The adjustable cuff with tie-down loops gives these pants the ability to be used with heavy duty alpine boots. While on the lighter side of mountaineering pants, they are durable and reliable, allowing them to be used on training hikes where you want pants that are light and cool, but still able to keep you dry during mild snow encounters.

Outdoor Research Skyward II

View Women's Version
  • Closure: Zipper Fly/Snap/Belt Loops
  • Type of Waterproofing: Waterproof
  • Shell: Softshell
  • Built-In Inside Gaiter (to prevent water, snow, and dirt from entering your boots without having to carry additional gear)
  • Built-In Avalanche Beacon Clip (to clip avalanche beacon to while in the backcountry)
  • Zippered Outer Thigh Vents (to help ventilate and keep you cool)


A soft shell that acts like a hard shell, this Outdoor Research Pant offers protection for any weather – wind, rain, ice, and snow. While they are waterproof, these pants are designed with Outdoor Research’s AscentShell, which allows for breathability while keeping you dry. Further excess heat during performance can be vented through the zipper thighs.

This pant goes to the next level with a gaiter built-in, giving you full snow protection without having to carry any extra gear. And because these pants may lead you to the snowier side of mountaineering, they even have a built-in avalanche beacon clip to keep you extra safe in the backcountry.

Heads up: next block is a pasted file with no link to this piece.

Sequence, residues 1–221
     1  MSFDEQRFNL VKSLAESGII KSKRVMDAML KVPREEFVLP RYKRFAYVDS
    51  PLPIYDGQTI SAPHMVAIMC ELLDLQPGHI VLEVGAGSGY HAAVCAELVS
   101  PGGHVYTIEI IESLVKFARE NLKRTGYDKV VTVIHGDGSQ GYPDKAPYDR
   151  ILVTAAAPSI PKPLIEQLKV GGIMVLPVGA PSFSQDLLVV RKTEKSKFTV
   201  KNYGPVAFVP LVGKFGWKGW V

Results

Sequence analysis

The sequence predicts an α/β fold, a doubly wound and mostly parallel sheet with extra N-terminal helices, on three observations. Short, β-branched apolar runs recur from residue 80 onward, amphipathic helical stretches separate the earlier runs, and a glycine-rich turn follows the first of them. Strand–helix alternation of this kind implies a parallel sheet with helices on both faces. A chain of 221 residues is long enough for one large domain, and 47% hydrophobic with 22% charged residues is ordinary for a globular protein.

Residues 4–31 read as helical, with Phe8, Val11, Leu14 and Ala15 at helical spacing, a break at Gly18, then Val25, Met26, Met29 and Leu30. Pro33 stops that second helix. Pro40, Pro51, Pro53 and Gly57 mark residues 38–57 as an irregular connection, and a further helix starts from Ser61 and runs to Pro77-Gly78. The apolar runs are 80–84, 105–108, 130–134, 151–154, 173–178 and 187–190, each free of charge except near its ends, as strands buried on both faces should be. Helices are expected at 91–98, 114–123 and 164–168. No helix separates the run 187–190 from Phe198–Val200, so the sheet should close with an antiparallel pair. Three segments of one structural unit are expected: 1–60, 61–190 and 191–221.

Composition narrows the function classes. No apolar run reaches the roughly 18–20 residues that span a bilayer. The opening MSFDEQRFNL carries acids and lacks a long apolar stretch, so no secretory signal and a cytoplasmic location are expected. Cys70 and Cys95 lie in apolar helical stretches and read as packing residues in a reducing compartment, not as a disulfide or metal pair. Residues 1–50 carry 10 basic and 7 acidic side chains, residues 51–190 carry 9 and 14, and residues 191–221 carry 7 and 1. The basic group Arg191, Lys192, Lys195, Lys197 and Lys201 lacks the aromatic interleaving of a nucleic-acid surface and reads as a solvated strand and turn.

Mountain Equipment Ibex

  • Closure: Zipper Fly and Snap
  • Type of Waterproofing: Water Resistant
  • Shell: Softshell
  • Micro-Fleece Lined Waist (to keep you warm/comfortable)
  • Pre-Shaped Knee For Natural Articulation
  • Integrated Belt


The Mountain Equipment Ibex pant is an ideal pant to get you started into mountaineering on those long, cool day treks. These pants are a lighter weight option with a waist that’s lined with micro-fleece, so wearing a pack all day is sure to be a comfortable experience. 

Although these pants excel for more mild mountaineering, they still include a few useful features for use in the colder mountain weather. The pant cuffs are equipped with ankle zips and a gusset panel (to allow for more stretch), both of which help to accommodate mountain boots so that these pants can be used in the snow as well. And because they are on the lower end of the cost spectrum, they are an all around good pant to have in your arsenal.

Black Diamond Alpine

  • Closure: Zipper Fly and Snap
  • Type of Waterproofing: Water Resistant
  • Shell: Softshell
  • Built-in Waist Belt
  • 2-Way Zipper Fly (for men’s pants)
  • Four-Way Stretch Fabric (for all movement)